Podiatrist - New Iberia
1100 Andre Street Suite 202
New Iberia, LA 70563
P (337)  256-8494
F (337) 256-8945

 

Posts for tag: New Iberia

 

March Madness had millions glued to the television for the Louisville VS. Duke game in the Midwest Regional Finals, but regardless of your bracket, I think all our hearts went out to Louisville’s guard Kevin Ware after he experienced a gruesome compound fracture. Compound fractures, or open fractures, are breaks that result in the bone being exposed to the environment, which is considered a medical emergency that needs to be treated immediately. Bone that is exposed to the open air is at very high risk for serious infections that can lead to necrosis, which is death of the tissue, causing the bone and tissue surrounding it to become non-functional. When Ware jumped up to block a 3-point shot, he landed awkwardly, causing his leg to torque at almost a 90 degree angle leading to a dramatic break, producing inches of bone protruding through the skin. His team, horrified at the sight, were forced to cover their eyes and back away, while some were brought to tears, demonstrating their obvious affection for their fallen teammate. Ware, in his spirited attempt to get this teammates focused on the game, called them over to him for a pep talk, causing the crowd to applaud in his devotion and positive outlook.

Does this mean we should be on our guard when we play sports?! There is a certain amount of suspicion associated with Ware’s injury. It’s rather rare for a young, healthy, active individual to experience such a severe fracture during routine play, causing some physicians to question if Ware had an underlying condition causing weakening of the bone or a cyst at the fracture site. Although human bone can be as strong as steel when forces are applied vertically, it has much less strength when exposed to rotational forces, causing most to agree that the torque of the landing was too great for the bone to handle, and thus being the main cause of the break.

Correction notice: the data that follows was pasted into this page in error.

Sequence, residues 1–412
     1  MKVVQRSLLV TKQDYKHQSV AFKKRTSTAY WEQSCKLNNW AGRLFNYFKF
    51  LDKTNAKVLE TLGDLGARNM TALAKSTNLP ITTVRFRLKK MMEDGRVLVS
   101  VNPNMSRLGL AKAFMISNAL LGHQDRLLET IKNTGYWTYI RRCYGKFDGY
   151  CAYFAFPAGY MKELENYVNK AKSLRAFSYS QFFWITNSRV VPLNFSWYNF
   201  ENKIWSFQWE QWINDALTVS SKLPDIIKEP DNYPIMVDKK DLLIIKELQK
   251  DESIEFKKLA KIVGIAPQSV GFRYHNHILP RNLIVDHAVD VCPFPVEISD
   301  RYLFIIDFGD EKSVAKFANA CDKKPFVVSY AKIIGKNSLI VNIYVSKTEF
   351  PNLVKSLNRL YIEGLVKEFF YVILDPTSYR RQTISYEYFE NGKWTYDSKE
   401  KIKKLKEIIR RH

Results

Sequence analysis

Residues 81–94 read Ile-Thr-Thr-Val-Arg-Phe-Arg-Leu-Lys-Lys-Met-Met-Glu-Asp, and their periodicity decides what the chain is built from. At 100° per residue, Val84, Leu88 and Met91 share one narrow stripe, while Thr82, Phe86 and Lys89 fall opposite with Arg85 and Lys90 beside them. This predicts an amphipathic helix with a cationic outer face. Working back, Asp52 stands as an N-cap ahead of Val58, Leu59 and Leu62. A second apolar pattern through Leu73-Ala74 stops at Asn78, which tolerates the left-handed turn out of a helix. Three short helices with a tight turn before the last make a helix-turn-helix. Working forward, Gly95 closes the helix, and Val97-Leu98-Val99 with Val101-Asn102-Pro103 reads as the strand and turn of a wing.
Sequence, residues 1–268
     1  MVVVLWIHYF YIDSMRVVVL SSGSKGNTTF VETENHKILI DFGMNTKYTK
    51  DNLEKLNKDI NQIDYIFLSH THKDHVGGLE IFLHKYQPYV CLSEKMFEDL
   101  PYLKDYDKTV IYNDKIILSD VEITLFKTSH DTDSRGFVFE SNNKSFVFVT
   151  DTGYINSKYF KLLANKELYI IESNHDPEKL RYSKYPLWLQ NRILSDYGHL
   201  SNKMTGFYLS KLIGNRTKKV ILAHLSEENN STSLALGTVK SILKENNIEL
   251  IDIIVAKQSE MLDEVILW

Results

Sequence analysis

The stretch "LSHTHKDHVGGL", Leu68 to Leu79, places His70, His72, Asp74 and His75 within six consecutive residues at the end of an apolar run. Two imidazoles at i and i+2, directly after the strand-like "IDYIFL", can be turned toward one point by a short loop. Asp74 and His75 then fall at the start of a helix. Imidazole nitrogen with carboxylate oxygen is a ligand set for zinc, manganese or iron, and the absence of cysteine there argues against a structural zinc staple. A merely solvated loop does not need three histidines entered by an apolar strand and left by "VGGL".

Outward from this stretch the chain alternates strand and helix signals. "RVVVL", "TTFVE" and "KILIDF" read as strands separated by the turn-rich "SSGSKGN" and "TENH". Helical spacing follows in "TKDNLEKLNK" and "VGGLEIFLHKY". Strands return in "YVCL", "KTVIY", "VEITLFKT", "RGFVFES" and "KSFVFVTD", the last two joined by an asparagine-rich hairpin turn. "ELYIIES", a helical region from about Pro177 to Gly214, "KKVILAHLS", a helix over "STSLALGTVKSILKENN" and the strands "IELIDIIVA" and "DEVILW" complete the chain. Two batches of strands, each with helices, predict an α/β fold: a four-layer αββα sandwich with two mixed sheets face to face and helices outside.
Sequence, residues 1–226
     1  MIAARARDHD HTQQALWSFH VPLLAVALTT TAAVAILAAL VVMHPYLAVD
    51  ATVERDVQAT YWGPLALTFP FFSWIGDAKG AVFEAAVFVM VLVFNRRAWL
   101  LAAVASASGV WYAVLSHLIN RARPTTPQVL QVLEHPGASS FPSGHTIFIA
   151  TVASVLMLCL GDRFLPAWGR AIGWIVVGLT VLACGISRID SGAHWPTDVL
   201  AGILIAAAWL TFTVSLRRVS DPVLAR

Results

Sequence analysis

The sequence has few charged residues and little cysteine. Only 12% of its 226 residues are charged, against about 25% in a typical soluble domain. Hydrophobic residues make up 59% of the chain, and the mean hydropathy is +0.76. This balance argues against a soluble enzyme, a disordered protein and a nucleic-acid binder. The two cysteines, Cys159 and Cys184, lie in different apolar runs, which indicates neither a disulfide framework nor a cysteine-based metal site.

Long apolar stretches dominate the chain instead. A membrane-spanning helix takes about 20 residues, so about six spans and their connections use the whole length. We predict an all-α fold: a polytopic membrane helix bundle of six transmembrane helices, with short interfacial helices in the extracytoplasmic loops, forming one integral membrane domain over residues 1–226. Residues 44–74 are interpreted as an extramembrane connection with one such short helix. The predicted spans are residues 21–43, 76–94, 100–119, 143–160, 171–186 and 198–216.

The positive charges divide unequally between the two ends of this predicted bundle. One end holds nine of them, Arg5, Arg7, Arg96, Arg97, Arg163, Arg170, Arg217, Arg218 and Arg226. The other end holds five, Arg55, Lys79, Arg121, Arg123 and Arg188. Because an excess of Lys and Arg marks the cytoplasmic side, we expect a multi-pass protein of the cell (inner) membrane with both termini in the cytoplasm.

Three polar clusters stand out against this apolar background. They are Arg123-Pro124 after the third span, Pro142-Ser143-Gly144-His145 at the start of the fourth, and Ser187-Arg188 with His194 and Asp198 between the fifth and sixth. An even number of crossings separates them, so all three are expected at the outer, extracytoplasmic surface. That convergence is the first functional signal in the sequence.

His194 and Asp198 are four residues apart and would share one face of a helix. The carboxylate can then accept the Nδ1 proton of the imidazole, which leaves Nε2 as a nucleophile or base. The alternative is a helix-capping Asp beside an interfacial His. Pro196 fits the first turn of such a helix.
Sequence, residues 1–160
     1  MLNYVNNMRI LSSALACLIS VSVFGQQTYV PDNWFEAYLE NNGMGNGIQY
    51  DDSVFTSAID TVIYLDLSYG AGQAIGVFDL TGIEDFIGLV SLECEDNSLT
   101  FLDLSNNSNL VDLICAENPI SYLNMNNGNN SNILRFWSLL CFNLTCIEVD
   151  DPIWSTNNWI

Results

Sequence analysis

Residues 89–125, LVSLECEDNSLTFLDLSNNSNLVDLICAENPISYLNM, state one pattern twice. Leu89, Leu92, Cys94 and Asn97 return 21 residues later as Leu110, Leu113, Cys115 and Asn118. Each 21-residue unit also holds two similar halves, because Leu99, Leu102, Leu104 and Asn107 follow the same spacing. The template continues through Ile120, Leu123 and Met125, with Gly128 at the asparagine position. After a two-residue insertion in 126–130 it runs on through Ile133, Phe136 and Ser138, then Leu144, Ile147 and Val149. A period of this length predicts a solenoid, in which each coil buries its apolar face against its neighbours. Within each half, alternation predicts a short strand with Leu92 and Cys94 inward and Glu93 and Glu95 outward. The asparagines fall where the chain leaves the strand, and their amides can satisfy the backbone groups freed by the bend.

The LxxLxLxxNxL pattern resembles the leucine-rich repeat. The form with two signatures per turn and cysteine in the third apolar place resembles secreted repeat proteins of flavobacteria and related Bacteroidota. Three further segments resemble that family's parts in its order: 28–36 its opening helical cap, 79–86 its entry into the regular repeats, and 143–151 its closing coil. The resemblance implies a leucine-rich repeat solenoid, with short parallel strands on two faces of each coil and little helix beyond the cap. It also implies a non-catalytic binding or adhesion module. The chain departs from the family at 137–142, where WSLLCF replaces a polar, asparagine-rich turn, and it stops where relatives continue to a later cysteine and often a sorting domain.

Thanks to the speedy reaction of the medical team, Ware received immediate medical attention, and after a two hour surgery involving some rods and screws, he is expected to make a full recovery and return to basketball. I’m sure even Duke fans can admit that Ware cradling the Midwest Regional Championship trophy, which was won that night after his pep talk, was well deserved.

If you ever experience a sports injury, be sure to set up an appointment with Dr. Purdy at the Foot Clinic so you can get back on your feet, and back into the game as soon as possible!

Jon Purdy, DPM

 

Oscar Pistorius was the first double amputee to win a championship race that included able-bodied runners, making him someone to watch and hope for when he participated in the 2012 Olympic Games. Pistorius, who had both legs amputated at 11 months old, suffers from fibular hemimelia, a condition where the bone of the lower leg is absent or shortened causing instability. This condition also affects 15-year-old Seth Melvin.

Unlike Pistorius, Melvin was given the choice as to whether or not to have his leg amputated-a choice which is rare to teens. Most people affected by fibular hemimelia have their limbs amputated as infants or after infection or trauma leaves few other choices available. When Melvin’s parents were presented with the option of amputation, they refused, stating that it was their son’s decision to make.